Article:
Appointing a Guardian for a Minor Child in New York

By Christine Funk, J.D.

Appointing a Guardian for a Minor Child in New York

By Christine Funk, J.D.

Guardianship refers to a legal relationship that gives a person, called a guardian, the rights and responsibilities that come with caring for a child, called a ward, as a parent would. In New York, this person may be in charge of a child's personal being, his or her property, or both.

Man and young girl looking at each other smiling

The person in this role makes life decisions for their ward, including where they go to school, decisions about health care, and other personal, lifestyle choices. Someone whose responsibilities include caring for property makes decisions about a ward's money, investments, property, and savings. Oftentimes, the person best suited to make financial decisions for a child is not the same person as the one who would best raise the child. However, a single individual may be appointed to handle both.

Courts appoint guardians to children when their parents cannot take care of them. Situations that can lead to this include:

  • The death of a parent
  • A parent becoming too ill to care for the child
  • A parent's disability or incapacity
  • A parent serving a prison sentence
  • The deportation of a parent
  • A parent's deployment in active military service

Guardianship of Children in New York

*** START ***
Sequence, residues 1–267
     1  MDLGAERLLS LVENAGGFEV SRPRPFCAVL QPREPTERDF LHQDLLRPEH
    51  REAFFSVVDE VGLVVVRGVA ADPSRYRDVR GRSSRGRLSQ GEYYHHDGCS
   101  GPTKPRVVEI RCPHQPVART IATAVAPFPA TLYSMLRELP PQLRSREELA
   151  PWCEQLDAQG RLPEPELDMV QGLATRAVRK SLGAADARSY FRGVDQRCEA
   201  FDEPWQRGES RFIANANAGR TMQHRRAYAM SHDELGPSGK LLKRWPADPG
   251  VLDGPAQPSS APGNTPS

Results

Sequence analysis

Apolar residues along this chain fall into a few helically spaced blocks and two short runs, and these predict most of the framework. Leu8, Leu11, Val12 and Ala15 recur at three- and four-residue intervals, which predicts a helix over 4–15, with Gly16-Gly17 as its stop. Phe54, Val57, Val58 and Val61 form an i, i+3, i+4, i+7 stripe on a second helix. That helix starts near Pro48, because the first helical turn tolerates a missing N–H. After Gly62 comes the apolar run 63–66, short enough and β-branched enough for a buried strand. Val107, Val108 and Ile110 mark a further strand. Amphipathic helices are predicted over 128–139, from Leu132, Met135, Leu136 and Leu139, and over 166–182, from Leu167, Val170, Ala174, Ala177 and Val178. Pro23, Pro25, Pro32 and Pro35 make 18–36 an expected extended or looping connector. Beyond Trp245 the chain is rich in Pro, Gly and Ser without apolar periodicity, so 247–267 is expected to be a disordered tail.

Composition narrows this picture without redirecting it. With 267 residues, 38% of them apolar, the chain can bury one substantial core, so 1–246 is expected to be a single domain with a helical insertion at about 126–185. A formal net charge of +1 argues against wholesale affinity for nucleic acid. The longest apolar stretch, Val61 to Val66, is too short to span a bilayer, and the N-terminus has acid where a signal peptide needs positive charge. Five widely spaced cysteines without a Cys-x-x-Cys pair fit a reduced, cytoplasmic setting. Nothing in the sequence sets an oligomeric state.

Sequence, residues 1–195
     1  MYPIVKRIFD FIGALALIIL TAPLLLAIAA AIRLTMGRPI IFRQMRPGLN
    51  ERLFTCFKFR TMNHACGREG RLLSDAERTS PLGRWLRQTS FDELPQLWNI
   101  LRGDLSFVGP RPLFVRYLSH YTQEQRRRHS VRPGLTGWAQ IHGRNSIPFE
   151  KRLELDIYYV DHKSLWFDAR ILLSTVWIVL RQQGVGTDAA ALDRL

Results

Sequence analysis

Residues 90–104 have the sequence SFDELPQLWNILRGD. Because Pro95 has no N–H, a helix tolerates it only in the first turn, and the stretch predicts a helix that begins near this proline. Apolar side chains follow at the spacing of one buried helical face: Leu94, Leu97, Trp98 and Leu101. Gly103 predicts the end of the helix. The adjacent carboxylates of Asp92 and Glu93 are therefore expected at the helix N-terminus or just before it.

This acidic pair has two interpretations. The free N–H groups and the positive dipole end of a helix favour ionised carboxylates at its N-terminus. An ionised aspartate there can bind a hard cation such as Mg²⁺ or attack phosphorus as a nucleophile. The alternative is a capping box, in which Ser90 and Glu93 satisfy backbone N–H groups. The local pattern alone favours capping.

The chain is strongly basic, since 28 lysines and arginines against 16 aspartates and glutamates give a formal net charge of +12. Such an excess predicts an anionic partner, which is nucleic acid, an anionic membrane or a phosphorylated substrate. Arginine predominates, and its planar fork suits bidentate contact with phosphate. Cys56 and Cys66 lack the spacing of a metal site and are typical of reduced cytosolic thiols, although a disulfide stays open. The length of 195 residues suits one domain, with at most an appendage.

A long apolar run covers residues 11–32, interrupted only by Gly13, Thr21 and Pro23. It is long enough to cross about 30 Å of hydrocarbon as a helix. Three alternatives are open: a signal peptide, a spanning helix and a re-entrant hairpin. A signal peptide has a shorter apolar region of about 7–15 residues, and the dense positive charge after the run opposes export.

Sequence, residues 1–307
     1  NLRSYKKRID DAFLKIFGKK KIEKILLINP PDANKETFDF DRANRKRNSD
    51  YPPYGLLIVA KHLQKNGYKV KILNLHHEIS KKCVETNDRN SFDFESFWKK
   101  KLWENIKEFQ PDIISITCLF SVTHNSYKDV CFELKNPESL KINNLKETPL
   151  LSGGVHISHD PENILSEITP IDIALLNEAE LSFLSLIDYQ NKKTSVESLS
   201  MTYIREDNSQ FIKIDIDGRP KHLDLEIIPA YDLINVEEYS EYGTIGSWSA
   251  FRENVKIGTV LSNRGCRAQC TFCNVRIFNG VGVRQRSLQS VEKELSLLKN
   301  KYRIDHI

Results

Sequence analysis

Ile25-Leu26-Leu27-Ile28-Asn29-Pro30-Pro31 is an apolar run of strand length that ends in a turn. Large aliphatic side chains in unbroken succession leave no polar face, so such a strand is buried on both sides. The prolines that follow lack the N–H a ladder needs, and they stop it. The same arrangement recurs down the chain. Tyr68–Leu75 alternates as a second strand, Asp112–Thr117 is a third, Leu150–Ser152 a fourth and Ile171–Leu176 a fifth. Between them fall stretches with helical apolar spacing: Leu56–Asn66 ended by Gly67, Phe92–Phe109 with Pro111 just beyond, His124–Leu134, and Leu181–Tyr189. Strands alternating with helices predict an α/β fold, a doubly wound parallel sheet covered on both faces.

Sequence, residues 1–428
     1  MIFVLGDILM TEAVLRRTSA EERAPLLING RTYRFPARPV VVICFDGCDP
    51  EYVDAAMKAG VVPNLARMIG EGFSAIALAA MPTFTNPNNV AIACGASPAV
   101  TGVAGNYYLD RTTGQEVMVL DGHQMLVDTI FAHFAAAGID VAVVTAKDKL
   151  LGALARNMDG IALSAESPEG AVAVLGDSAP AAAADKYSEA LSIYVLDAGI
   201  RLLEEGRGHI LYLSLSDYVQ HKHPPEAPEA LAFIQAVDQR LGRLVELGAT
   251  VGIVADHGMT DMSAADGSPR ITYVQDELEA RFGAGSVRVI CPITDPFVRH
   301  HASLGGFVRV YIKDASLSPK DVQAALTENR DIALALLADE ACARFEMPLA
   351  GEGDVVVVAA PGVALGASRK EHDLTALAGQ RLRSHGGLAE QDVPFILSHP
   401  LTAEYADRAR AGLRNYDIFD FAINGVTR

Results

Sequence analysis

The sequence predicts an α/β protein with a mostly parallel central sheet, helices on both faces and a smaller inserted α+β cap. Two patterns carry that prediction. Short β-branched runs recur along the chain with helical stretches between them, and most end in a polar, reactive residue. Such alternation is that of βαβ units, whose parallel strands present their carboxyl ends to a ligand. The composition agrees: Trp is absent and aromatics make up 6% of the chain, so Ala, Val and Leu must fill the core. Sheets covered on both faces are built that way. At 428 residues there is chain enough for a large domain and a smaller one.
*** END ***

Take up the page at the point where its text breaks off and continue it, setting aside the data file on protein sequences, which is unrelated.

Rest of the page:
In New York, the court governing the guardianship of children depends on the circumstances under which a person has applied for this kind of care.

If a child has inherited over $10,000, the petition is filed in Surrogate's Court. One must file an appropriate petition form in the county where the child lives. Similarly, when a parent dies or the parents are otherwise not able to care for the child, the form should also be filed in Surrogate's Court. However, if there is no property associated with it, the petition is filed in Family Court.

Both Surrogate's Court and Family Court have the power to appoint a guardian for the person of the child.

Conditions of Granting Guardianship

When the child is over 14 years of age and the parents are alive, both parents and the child must consent in most circumstances. However, the court may appoint a guardian over the objection of a parent or child if the court feels the appointment is in the child's best interests.

Parents can also designate this role to someone in their will or revocable living trust.

Finally, in some cases, a parent may appoint a standby guardian. In this situation, the parent recognizes they may not be able to make important decisions for a child at some point in the future. The parent specifies the situation under which standby care starts, such as when the parent dies or when the parent becomes too ill to continue caring for the children.

Best Interests of the Child

While a parent may choose the person they want to be their child's guardian, the decision is ultimately up to the court. The court uses a "best interests of the child" standard to evaluate whether the person or persons designated are suitable.

It is a good idea for all parents to designate a guardian for their child in the unlikely event they die or become incapacitated. In New York, the appropriate petition and court to file in are dependent on your circumstances. An attorney or legal expert experienced in trusts and estates can help.

This portion of the site is for informational purposes only. The content is not legal advice. The statements and opinions are the expression of author, not LegalZoom, and have not been evaluated by LegalZoom for accuracy, completeness, or changes in the law.

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